But Foa also talks about the natural beauty of the city. From atop Mount Scopus, the view of the city seems to transcend the struggles going on below. “It is a stern view, since Jerusalem is built on stones (beautiful yellow stones) and is surrounded by rocky hills–yet it is a glorious view, when bathed by the warm Palestinian sunshine or the glory of the moon. There, on Mount Scopus, Titus and his legions stood, and from there laid siege to the city. There is the Valley of Final Judgement–as stern as death itself. On the other side, one can see the Jordan, the Dead Sea, the desert of Judaea and the mountains of Noab. Beauty, history and tragedy fill the air. It is a most unforgettable sight.” Bruno Foa’s writings allow us to take a step into the past and see Jerusalem as it stood nearly 70 years ago.

Post contributed by Vicki Eastman, a graduate student at Duke’s Center for the History of Political Economy.

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Rights!Camera!Action!: The Devil Came on Horseback

the_devil_came_on_horsebackWhen: Thursday, March 20th, 7:00pm
Location: FHI Garage, Bay 4, Smith Warehouse
Free and open to the public.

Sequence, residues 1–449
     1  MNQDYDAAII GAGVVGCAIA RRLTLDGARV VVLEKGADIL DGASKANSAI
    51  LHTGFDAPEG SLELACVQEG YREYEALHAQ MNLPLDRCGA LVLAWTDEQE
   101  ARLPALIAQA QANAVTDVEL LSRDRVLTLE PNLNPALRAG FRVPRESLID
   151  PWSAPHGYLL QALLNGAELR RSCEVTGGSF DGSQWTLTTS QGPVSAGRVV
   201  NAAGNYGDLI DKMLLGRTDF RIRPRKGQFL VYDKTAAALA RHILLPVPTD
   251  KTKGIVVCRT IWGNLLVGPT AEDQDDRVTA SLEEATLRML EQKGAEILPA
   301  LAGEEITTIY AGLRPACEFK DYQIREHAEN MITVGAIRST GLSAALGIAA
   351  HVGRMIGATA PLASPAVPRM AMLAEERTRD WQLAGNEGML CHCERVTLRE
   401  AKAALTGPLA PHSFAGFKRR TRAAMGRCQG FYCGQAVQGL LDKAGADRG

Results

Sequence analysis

The Devil Came on Horseback, 2007 (TRT: 87 minutes)
Directors: Ricki Stern and Annie Sundberg; Full Frame/Working Films Award and the Seeds of War 2007

An up-close and uncompromising look at the crisis in Darfur, this film exposes the ongoing tragedy in Sudan as seen through the eyes of one American witness, former U.S. Marine Captain Brian Steidle, an official military observer. Armed with just a camera, paper and pen, but with access far beyond that of a journalist, Steidle’s photographs and testimony reveal a genocide that had by 2007 claimed over 400,000 lives. The film presents the historical and economic basis for the Sudanese government’s support and encouragement of the atrocities, alongside UN and US debates on the definition of “genocide,” as millions of people suffer. In Arabic and English with English subtitles. A panel discussion follows the screening.

Contact: Patrick Stawski, Duke University Libraries, 919-660-5823, patrick.stawski@duke.edu